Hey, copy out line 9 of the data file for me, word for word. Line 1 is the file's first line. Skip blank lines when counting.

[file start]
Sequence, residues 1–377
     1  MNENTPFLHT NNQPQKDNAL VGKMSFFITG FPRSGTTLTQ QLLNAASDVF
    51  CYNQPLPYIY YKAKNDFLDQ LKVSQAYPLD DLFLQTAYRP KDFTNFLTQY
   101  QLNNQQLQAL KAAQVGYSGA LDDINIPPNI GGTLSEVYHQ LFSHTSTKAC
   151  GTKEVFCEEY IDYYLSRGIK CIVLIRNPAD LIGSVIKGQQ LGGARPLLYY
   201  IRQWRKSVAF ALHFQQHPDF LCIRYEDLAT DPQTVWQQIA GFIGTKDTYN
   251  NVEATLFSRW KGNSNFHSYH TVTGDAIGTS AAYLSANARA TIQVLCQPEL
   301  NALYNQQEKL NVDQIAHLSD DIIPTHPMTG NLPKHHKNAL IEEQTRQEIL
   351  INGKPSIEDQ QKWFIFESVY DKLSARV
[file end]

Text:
   351  INGKPSIEDQ QKWFIFESVY DKLSARV